[Python-ideas] Syntax for key-value iteration over mappings

Steven D'Aprano steve at pearwood.info
Tue Jul 28 05:42:25 CEST 2015

On Mon, Jul 27, 2015 at 05:48:21PM -0400, Terry Reedy wrote:
> On 7/27/2015 3:17 PM, Steven D'Aprano wrote:
> >On Tue, Jul 28, 2015 at 02:25:00AM +1000, Chris Angelico wrote:
> >
> >>What my suggestion was positing was not so much DWIM as "iterate over
> >>the keys and values of anything". A mapping type has a concept of keys
> >>and values; an indexable sequence (list, tuple, etc) uses sequential
> >>numbers as indices and its members as values.
> >.............^^^^^^^
> >
> >
> >Keys and indices are not the same thing, and Python is not Lua.
> Both sequences and dicts can be viewed and used as functions over a 
> finite domain. This is pretty common. If one does, *then* the keys and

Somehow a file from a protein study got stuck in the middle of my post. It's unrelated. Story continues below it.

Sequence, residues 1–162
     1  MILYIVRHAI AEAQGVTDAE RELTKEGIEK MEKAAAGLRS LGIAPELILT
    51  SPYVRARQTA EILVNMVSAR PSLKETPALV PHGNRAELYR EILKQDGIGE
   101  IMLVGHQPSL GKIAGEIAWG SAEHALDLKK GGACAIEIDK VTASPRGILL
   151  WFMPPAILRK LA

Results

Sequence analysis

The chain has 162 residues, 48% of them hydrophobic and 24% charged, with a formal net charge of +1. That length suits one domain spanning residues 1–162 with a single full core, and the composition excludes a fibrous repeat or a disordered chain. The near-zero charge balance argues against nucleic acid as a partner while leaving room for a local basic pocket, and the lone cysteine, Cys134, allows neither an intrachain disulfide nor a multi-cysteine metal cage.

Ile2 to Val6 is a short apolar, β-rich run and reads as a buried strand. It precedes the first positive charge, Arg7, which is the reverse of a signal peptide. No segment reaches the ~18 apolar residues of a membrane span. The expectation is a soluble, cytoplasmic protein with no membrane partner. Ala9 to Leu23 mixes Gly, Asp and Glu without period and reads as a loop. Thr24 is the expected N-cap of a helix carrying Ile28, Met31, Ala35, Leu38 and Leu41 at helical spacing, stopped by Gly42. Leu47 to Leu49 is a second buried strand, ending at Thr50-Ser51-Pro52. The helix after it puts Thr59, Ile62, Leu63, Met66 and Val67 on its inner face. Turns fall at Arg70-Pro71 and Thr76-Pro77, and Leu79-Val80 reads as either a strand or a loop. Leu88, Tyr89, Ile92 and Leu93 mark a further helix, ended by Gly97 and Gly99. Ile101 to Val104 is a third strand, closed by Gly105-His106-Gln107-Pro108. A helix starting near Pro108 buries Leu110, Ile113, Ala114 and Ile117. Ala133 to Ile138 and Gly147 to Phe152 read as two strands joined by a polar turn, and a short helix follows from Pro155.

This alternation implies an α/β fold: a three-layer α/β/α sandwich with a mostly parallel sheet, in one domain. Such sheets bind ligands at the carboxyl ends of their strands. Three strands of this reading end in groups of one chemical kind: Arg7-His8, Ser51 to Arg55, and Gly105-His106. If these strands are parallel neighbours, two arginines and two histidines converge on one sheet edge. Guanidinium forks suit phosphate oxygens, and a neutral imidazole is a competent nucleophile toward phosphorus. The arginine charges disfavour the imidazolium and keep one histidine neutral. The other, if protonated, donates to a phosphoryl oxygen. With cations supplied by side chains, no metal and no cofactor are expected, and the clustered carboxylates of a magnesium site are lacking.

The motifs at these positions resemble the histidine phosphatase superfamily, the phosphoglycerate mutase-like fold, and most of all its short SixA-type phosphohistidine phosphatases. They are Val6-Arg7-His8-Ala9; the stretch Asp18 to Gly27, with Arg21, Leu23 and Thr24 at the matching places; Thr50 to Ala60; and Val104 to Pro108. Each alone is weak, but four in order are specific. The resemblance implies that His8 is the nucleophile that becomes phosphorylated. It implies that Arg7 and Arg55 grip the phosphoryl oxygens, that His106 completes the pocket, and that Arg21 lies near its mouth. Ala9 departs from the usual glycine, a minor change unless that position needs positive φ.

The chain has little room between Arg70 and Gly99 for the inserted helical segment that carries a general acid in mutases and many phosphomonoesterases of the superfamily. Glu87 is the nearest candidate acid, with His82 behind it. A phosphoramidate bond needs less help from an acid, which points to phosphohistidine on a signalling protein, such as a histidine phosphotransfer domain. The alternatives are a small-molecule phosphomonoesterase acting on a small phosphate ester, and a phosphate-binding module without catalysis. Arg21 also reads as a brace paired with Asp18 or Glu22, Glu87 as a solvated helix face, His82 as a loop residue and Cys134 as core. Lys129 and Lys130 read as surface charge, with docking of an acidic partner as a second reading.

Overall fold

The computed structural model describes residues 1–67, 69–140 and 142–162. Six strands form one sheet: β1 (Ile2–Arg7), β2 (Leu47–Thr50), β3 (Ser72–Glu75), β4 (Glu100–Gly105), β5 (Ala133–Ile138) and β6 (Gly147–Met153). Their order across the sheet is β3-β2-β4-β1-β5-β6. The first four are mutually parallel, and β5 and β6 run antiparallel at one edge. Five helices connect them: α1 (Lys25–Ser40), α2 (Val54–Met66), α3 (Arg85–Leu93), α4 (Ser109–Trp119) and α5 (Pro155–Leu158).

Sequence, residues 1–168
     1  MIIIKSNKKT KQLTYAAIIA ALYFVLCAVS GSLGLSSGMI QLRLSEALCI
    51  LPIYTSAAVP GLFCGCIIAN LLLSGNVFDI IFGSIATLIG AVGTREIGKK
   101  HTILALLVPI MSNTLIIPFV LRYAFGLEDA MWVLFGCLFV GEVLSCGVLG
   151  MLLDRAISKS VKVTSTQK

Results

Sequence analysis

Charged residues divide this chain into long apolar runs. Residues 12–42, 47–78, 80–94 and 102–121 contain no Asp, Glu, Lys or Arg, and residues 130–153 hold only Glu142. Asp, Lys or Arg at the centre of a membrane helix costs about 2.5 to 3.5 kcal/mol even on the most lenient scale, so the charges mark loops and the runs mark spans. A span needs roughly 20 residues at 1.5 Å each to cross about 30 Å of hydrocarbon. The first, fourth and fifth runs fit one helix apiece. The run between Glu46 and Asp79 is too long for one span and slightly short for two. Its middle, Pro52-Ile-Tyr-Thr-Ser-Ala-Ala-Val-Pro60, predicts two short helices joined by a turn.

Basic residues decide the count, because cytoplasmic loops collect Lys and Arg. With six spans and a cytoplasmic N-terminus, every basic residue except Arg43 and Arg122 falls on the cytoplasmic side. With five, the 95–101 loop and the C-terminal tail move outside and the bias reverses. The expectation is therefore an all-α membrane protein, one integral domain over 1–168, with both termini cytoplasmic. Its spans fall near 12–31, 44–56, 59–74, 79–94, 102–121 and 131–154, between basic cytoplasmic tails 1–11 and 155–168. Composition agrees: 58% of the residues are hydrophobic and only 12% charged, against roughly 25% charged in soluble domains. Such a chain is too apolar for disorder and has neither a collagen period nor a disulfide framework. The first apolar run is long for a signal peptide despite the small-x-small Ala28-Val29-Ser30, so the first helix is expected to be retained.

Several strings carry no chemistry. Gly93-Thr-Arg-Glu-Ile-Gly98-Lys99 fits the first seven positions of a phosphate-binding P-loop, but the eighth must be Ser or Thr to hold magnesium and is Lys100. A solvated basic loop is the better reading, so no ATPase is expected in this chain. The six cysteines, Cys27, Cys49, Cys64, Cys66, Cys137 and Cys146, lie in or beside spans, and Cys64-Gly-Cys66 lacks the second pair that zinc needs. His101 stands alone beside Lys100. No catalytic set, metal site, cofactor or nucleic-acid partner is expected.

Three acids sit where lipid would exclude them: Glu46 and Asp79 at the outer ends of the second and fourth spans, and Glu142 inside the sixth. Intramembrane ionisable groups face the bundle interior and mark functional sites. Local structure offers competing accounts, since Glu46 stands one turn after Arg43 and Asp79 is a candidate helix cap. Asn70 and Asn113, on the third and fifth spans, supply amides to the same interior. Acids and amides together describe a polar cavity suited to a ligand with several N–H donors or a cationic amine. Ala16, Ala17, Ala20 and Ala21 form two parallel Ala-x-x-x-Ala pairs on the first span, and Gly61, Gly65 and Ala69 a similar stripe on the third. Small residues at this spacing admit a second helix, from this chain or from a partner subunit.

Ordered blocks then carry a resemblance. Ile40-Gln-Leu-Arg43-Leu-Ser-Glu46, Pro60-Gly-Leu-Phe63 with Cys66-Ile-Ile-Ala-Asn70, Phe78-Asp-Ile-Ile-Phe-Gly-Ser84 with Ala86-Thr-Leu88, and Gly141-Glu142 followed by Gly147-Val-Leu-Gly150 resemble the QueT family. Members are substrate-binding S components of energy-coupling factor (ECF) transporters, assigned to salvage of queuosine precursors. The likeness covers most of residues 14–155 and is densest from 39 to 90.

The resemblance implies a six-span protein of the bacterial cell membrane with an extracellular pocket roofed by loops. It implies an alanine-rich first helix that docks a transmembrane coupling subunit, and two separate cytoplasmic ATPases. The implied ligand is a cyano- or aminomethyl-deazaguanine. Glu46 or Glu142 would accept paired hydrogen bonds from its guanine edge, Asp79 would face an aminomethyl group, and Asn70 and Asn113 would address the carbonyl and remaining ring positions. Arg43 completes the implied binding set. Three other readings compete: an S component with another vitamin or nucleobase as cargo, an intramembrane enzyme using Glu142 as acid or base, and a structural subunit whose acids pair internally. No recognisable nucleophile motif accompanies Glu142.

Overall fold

> indices serve the same role as inputs.

If you are talking about the fact that both dict and list subscript 
notation spam[x] is, in some sense, equivalent to the mathematical 
concept of a function that maps a single argument to some value, x -> 
f(x), then I understand *what* you are saying, but not *why* it is 
relevant. In Python, neither sequences nor mappings have the same API as 
functions, or are considered to be the same type of object.

> > Consider:
> >x in mapping  # looks for a key x
> >x in sequence  # looks for a value x, not an index ("key") x
> For a function, 'in' looks for an input/output pair, so both the above 
> are wrong for this usage.

For a function, `in` fails with TypeError:

py> 42 in chr
Traceback (most recent call last):
  File "<stdin>", line 1, in <module>
TypeError: argument of type 'builtin_function_or_method' is not iterable

I'm afraid the gist of your post and the connection between functions 
and mappings is to abstract for me to understand.


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